iPhone becomes a reliable light meter with Lumu Power [Review]


Lumu Power light meter
Is that an iPhone or a light meter? It's both.
Photo: David Pierini/Cult of Mac

Lumu Power light meter for iPhone

The iPhone democratized photography and disrupted the video and camera industry. Now a new product that plugs into the iPhone’s Lightning port aims to replace an important photographer’s tool — the handheld light meter.

The Lumu Power light meter is a small, plug-in photodiode that looks like a pingpong ball cut in half. The light meter, a product of Lumu Labs from Slovenia, rose out of a Kickstarter campaign in 2015. It’s won favorable reviews from photographers and photo websites as the company works to improve the companion app.

iPhone light meter will make your photos shine


Turn your iPhone into a trusted lighting assistant on photo shoots with the Luma Power.
Turn your iPhone into a trusted lighting assistant on photo shoots with the Luma Power.
Photo: Lumu Labs

A good photographer doesn’t say, I’ll fix it later in Photoshop. Lumu Labs understood this when they developed an accessory in 2013 that turns the iPhone into a light meter.

Though heralded by working photographers and tech journalists at the time, Lumu Labs wasn’t satisfied with the bulbous little device that hooks into the headphone jack. They continued to tinker and came up with the next generation of light meter that is like having a knowledgeable photo assistant in the palm of your hand.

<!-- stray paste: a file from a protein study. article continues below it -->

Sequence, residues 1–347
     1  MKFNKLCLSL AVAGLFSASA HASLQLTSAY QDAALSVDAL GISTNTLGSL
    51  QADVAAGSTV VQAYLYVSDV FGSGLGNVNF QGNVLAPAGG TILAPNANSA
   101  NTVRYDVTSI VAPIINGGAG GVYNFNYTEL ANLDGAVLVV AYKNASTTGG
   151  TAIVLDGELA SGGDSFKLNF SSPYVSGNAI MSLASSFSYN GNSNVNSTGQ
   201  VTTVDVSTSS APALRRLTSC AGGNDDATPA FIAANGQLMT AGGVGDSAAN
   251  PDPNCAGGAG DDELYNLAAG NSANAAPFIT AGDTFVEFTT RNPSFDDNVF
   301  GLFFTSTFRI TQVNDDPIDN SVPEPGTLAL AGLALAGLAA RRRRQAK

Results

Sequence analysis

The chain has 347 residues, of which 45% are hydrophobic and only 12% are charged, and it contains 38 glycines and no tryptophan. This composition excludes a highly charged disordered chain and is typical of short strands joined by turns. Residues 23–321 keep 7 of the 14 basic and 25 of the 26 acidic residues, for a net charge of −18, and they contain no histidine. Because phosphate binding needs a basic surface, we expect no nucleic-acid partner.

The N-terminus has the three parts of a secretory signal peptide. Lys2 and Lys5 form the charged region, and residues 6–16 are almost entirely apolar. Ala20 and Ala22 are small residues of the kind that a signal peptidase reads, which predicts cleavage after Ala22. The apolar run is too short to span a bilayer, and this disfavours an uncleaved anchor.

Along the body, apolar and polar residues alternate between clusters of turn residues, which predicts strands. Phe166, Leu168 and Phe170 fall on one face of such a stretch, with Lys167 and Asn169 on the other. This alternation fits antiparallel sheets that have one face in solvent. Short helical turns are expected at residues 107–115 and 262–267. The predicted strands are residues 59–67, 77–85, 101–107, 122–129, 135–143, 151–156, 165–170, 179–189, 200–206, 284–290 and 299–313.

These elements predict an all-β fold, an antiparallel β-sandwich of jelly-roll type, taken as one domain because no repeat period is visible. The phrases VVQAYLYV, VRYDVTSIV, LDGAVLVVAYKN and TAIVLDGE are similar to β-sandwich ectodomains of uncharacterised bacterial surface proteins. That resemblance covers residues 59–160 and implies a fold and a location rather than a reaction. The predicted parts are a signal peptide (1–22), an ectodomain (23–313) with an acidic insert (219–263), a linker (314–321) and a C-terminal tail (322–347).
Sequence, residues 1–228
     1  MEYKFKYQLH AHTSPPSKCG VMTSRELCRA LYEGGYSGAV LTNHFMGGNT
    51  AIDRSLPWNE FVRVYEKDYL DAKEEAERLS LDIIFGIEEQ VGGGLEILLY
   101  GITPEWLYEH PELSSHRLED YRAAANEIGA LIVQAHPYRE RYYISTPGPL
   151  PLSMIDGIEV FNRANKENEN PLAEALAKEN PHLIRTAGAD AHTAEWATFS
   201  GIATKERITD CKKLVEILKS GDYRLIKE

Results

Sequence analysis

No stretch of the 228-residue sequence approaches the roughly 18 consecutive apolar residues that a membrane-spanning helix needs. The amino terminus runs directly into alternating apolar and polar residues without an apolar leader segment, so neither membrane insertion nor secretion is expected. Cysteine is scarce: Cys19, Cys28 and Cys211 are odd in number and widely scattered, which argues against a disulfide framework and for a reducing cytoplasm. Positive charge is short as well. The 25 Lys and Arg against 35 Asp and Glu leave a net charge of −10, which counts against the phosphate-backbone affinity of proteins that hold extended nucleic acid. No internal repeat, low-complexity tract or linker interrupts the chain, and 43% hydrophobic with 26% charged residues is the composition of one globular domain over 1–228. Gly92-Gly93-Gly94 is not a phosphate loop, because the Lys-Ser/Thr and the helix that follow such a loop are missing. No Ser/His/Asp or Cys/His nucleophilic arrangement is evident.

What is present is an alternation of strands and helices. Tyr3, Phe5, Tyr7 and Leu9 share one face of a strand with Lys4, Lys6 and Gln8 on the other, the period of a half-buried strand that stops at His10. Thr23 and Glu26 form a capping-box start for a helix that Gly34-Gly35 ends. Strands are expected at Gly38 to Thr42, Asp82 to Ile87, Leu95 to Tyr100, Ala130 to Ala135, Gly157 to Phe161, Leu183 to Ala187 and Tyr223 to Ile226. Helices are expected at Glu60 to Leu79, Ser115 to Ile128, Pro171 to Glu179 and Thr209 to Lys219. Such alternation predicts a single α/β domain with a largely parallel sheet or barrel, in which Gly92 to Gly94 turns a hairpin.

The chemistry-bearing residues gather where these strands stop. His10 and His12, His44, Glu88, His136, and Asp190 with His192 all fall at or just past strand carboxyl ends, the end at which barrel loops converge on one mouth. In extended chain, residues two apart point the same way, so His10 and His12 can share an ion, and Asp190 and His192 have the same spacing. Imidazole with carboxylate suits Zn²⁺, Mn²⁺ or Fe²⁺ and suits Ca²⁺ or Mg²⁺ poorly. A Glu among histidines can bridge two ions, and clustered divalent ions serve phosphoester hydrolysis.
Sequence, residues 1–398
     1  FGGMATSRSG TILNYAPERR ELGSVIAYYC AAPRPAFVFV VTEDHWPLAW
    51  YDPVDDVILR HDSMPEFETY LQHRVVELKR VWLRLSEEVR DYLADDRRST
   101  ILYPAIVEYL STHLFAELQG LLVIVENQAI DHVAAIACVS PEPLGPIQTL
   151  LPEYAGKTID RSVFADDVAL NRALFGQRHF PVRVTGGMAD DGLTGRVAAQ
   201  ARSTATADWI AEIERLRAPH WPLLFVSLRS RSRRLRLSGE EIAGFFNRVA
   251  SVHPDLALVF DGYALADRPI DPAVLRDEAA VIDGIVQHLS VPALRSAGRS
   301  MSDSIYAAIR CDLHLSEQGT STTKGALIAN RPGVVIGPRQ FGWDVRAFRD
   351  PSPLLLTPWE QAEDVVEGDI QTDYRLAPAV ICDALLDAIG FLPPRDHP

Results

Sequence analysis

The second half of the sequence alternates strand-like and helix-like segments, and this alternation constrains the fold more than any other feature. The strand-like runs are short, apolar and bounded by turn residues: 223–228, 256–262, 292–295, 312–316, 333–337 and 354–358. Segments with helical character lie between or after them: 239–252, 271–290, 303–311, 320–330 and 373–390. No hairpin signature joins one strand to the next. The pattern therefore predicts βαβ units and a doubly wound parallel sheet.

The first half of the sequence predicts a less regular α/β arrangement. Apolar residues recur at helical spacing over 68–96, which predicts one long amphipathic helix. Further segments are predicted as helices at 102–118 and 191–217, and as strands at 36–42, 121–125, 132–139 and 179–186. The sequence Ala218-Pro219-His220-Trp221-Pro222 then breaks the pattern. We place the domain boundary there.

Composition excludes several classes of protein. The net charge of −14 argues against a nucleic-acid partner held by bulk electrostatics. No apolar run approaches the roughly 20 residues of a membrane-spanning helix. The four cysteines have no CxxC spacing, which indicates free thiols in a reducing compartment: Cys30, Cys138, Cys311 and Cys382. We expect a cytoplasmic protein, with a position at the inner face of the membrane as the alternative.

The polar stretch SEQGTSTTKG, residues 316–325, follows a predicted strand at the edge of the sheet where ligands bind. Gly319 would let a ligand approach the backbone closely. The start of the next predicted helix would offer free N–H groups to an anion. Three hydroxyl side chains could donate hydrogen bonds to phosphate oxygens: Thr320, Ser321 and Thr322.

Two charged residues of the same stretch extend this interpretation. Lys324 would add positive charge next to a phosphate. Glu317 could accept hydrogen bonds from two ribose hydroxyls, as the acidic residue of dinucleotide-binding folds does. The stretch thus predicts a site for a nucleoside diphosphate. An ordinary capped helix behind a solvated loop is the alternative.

Luxi, The Little Light Meter For the iPhone


The little Luxi turns your iPhone’s front camera into a light meter. A what? A light meter, a device that measures the amount of light falling on a subject so that you can set the exposure correctly on your camera.

But wait, doesn’t you camera already set its own exposure? Doesn’t it have a light meter built in for when i want to kick it old school in manual mode? Yes and yes, but this $30 widget might still be handy.

Luxi Turns Your iPhone Into An Old-School Light Meter [Kickstarter]



In the olden days, where getting the exposure of your photos right was much harder thanks to the fact that you didn’t get to see the result until your prints came back from the lab, people would sometimes rely on a separate incident light meter, which would measure the light falling on the subject, and not the light reflected by it.

Now, such a piece of hardware is being made for the iPhone…